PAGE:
Vol 9 No 1 (2017)

The Effects of Section 23 of the Canadian Charter of Rights and Freedoms on Shaping Official Language Minority Community Educational Rights: A Case Study of the Francophone Minority Community in Alberta

Joshua McKeown
MA-IS Graduate, Athabasca University
Published December 1, 2016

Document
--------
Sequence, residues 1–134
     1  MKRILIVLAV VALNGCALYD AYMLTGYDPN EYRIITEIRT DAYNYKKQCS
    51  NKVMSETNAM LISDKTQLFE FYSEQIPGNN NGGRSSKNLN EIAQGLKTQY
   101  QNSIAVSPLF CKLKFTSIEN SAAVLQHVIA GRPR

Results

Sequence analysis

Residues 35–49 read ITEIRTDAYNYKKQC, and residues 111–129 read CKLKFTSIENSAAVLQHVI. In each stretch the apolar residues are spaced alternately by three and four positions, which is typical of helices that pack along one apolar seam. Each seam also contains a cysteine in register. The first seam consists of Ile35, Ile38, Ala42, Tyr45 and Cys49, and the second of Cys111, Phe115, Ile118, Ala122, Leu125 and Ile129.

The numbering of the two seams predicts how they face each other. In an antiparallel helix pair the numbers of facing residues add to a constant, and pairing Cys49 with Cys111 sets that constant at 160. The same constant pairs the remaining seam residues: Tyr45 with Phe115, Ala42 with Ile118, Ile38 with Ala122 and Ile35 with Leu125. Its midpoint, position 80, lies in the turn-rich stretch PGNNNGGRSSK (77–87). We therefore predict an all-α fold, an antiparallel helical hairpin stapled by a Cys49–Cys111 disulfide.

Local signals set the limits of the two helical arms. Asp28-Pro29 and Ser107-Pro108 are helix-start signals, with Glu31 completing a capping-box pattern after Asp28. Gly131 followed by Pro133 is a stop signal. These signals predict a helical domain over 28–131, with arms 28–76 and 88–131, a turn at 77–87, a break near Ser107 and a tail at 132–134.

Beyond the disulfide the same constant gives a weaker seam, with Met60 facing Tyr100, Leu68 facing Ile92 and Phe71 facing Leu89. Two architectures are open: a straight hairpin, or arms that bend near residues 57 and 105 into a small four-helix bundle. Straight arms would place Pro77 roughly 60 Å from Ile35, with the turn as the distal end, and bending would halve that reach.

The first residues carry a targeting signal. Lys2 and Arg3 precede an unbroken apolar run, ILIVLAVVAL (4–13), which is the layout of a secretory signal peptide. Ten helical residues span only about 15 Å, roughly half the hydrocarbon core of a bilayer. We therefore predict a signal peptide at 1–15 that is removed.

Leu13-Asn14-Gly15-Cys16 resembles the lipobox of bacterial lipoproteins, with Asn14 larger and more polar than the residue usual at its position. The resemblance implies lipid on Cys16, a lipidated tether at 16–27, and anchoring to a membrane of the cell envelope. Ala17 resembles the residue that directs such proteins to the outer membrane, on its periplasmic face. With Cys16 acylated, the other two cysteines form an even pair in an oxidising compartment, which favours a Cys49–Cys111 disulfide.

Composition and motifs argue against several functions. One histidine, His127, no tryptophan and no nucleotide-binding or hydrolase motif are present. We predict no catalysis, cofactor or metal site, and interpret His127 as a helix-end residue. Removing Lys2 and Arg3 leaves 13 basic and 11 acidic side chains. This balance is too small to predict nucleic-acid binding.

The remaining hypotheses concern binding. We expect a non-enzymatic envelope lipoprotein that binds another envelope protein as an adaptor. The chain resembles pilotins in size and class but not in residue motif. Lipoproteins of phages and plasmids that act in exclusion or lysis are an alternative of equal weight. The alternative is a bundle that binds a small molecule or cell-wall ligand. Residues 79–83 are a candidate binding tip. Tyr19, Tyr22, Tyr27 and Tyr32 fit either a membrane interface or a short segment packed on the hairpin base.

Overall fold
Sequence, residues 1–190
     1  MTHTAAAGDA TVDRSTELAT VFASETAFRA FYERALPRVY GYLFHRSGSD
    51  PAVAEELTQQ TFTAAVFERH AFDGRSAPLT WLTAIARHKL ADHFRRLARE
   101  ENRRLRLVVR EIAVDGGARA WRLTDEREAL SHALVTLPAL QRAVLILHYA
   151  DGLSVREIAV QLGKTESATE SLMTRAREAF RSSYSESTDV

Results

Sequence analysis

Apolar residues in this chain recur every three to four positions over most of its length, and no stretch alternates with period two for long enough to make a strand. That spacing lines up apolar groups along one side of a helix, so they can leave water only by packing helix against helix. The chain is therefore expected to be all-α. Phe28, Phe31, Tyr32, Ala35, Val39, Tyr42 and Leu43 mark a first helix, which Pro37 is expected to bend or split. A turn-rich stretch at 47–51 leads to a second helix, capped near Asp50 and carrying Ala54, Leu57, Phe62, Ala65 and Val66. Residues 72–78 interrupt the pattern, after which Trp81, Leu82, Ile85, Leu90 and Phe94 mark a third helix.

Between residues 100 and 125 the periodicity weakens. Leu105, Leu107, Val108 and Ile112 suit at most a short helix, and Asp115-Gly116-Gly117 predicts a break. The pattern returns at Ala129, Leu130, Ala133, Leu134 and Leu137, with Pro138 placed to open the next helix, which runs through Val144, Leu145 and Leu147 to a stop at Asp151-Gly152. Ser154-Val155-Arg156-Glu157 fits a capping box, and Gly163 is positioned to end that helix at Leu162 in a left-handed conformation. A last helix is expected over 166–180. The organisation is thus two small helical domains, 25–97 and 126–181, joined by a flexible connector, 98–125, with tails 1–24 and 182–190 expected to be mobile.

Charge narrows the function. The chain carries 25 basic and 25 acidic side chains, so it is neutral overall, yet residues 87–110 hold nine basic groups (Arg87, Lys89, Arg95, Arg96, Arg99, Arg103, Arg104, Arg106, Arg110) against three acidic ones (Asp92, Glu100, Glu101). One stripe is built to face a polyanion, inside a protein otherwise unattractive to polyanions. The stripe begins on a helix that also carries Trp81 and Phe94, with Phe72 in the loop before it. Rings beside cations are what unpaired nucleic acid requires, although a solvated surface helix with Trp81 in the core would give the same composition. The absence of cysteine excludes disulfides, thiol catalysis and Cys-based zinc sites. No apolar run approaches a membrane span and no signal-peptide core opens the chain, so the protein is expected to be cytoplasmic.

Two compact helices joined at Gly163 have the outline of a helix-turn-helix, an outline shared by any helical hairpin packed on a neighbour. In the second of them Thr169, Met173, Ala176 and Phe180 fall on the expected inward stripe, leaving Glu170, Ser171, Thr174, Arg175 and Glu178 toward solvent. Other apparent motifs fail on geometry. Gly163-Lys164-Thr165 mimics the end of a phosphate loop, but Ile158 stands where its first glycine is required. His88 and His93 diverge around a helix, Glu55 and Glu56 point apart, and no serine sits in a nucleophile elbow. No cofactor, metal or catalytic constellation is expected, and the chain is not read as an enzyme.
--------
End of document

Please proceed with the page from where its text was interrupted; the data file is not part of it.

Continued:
The issue of Official Language Minority Community (OLMC) educational rights in Canada is one that has been hotly debated over past half century. Is the provision of rights guaranteed under Section 23 of the Canadian Charter of Rights and Freedoms an effective way of going about protecting these minority communities? And if so, what are the positive effects on said communities as a result of these protected group rights? This research intends to investigate these questions from a thematic and integrated perspective utilizing the disciplines of political science, law, and sociology. In addition to this qualitative analysis, there is a detailed case study analysis of the lived experiences of the Francophone minority community in Alberta using Section 23 to obtain their constitutional rights. This analysis does expressly show that Section 23 of the Charter did in fact dramatically affect the rights of OLMCs access to education in their own language, and did bolster the identity of these communities to aid in their growth and development in the future. Going forward, this research can join with similar studies to solidify the fact that minority right protections, through legal and legislative means, can have a significantly positive effect on the minority community’s identity and well-being.